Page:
Not even Golson’s decision-making has been spared as of late. Trailing North Carolina 7-0 after the Tar Heel defense capitalized on an Everett Golson fumble deep inside Notre Dame territory, Golson was intercepted while attempting to throw a quick out route to tight end Ben Koyack. Koyack was blanketed the entire way by North Carolina linebacker Jeff Schoettmer, and the decision that would ultimately lead to an interception return for a touchdown would have been a poor one for a true freshman, let alone a quarterback entering the Heisman discussion.
But Notre Dame’s reoccurring offensive woes were complemented in uncharacteristic fashion by Notre Dame’s usually stellar defense, which was tested by an up-tempo offensive attack for the first time this season.
The results were not positive.
The North Carolina Tar Heels’ offense ran 86 plays against Notre Dame’s defense, the second most snaps for North Carolina all season (the Tar Heels ran 94 offensive plays in their victory against Liberty). North Carolina’s 86 plays were an increase of 32 percent compared to the season average 65 offensive snaps the Notre Dame defense had faced prior to North Carolina, and the up-tempo pace wore down and confused the Irish defense.
Averaging only 10-points per game, Notre Dame’s defense surrendered 36 points to the Tar Heels’ offense (which excludes Golson’s interception return for a touchdown). The defense also allowed a season high 510 yards, which was the most North Carolina had accumulated to-date. The Tar Heels’ 184 yards rushing and 4.4 yards per carry mark were also the worst for the Fighting Irish defense so far this season (Syracuse’s 4.5 yards per carry were inflated due to one long gain on a fake punt).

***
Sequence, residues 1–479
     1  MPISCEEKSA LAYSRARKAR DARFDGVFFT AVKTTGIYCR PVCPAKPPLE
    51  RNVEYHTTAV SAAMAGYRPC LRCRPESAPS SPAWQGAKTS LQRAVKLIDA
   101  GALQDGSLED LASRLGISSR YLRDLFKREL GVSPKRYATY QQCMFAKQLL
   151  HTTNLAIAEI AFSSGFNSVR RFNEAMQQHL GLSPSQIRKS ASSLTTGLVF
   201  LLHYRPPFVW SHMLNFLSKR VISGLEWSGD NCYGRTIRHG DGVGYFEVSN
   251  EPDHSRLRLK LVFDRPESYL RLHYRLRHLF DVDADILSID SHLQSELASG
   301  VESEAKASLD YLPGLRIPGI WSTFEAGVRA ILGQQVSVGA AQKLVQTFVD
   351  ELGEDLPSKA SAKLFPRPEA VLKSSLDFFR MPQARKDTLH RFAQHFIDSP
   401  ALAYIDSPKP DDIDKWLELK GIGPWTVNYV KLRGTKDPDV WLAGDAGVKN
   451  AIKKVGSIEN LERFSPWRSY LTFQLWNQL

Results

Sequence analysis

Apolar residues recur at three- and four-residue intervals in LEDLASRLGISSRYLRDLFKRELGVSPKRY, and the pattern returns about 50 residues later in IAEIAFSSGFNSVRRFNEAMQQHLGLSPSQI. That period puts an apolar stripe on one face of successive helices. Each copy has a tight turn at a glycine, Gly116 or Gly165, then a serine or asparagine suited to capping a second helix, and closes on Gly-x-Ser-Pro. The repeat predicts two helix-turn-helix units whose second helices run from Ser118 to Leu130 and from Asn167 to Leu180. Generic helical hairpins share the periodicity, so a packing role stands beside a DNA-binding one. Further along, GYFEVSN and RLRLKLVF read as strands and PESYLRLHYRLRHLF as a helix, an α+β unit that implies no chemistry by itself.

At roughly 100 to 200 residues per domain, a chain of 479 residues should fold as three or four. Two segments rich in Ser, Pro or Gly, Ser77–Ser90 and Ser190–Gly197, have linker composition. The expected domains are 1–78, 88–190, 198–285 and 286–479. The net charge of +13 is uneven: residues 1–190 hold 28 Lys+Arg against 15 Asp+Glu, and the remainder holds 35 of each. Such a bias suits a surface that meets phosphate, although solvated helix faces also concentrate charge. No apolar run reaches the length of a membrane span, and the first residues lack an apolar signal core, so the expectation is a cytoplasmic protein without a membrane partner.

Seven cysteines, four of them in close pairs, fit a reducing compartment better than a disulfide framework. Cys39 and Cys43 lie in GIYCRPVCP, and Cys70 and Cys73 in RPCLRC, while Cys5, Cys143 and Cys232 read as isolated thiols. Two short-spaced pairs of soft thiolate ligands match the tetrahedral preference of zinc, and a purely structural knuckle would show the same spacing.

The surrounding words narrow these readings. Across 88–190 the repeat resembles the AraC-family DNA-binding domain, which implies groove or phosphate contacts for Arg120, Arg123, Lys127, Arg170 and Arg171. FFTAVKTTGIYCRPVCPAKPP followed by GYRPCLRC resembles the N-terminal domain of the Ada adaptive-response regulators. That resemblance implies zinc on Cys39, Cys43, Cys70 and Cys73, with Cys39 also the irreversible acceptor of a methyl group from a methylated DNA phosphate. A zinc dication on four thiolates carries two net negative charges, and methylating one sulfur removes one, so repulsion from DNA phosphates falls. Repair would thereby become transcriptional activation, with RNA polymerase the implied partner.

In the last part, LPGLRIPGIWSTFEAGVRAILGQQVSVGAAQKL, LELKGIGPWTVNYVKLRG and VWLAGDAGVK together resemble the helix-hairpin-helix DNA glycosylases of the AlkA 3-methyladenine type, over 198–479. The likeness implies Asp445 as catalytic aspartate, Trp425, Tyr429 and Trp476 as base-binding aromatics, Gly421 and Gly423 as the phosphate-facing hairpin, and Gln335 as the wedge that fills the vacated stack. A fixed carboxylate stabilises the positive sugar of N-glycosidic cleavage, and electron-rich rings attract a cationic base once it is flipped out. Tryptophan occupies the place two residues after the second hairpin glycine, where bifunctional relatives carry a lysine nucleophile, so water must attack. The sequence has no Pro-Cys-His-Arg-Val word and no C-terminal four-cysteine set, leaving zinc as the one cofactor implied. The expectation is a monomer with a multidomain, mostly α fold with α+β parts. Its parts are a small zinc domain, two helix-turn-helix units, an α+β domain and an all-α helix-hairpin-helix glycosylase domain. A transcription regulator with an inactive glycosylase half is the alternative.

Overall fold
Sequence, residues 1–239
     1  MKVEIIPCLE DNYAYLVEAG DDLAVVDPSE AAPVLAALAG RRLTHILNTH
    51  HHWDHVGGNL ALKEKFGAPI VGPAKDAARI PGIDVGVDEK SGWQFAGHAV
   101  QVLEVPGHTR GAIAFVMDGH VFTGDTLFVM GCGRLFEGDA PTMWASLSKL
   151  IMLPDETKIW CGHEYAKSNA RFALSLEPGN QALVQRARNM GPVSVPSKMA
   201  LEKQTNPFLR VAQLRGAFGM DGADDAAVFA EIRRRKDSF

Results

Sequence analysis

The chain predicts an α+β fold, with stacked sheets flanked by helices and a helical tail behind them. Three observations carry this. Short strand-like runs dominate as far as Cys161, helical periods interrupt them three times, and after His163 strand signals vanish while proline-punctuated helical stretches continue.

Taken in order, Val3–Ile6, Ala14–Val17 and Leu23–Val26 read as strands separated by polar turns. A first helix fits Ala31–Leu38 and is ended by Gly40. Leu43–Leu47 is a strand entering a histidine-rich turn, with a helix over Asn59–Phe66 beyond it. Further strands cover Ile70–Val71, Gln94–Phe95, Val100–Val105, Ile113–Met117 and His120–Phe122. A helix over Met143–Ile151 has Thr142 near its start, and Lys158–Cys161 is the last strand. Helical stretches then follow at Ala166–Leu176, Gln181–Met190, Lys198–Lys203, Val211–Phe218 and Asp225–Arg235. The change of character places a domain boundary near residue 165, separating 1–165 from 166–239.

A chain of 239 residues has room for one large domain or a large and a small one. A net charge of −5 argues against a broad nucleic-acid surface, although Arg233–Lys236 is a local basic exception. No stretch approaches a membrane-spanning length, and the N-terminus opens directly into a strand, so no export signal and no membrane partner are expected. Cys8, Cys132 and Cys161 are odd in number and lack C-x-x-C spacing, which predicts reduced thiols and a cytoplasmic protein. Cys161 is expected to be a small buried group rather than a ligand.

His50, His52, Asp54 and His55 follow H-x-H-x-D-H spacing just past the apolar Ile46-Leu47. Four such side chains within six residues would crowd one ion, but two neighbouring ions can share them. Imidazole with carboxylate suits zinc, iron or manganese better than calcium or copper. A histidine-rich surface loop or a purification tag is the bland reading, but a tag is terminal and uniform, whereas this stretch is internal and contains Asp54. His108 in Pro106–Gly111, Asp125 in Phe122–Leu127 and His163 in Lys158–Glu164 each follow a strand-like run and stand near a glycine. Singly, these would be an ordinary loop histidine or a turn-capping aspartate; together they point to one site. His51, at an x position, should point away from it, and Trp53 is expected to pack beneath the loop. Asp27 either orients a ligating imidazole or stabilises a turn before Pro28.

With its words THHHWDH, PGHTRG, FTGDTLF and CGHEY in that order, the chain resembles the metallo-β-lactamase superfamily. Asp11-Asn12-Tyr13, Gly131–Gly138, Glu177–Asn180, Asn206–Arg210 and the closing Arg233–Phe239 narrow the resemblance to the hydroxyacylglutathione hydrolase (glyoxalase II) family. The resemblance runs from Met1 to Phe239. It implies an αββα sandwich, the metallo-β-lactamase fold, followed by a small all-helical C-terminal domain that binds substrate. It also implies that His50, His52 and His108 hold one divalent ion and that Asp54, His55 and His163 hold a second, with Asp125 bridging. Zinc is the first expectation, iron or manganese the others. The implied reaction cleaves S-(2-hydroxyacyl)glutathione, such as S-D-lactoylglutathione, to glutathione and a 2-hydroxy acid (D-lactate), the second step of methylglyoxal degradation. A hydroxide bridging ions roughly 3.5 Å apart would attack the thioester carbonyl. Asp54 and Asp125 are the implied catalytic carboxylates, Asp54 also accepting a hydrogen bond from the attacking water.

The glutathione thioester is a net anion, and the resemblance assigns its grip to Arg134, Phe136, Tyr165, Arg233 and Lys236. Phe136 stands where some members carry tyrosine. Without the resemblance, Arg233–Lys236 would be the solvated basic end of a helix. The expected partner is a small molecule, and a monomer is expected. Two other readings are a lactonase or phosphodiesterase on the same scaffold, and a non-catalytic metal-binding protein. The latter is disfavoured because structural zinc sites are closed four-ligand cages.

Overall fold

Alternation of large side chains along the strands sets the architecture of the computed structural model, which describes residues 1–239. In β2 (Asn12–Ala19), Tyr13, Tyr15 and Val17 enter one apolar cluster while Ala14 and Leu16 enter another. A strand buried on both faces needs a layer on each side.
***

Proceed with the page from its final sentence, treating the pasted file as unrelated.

The downward trajectory of Everett Golson’s production combined with Notre Dame’s defensive struggles against offensive tempo looms over the program as it heads into an undefeated heavyweight bout with Florida State. The Seminoles boast an NCAA-leading 22-game winning streak and are averaging 39 points per game. And while Florida State has averaged 68 offensive snaps per contest – which is on par with what Notre Dame’s defense has faced per game, excluding North Carolina – the Seminoles have the talent and athletic ability to go up-tempo, should they so desire.
Despite these concerns, it cannot be ignored that Everett Golson has a 17-1 record at Notre Dame, and his miraculous ability to find a way to win justifies his status as a clutch performer. But if Notre Dame wants to take the next step and become an elite program, it has to beat the likes of Florida State, and such a step can only be achieved by playing error-free football. Head coach Brian Kelly knows it, and so does Everett Golson.
Notre Dame has fought hard to once again be in the national picture, and the spotlight of Tallahassee is beckoning. America will be watching to see if the Fighting Irish are up for the task.
Scott Janssen is a blogger for the Huffington Post and has authored several nationally-featured articles, including an appearance on MSNBC as a sports contributor. He talks football 24-hours a day, much to the chagrin of his wife and those around him. Scott can be reached at firstname.lastname@example.org.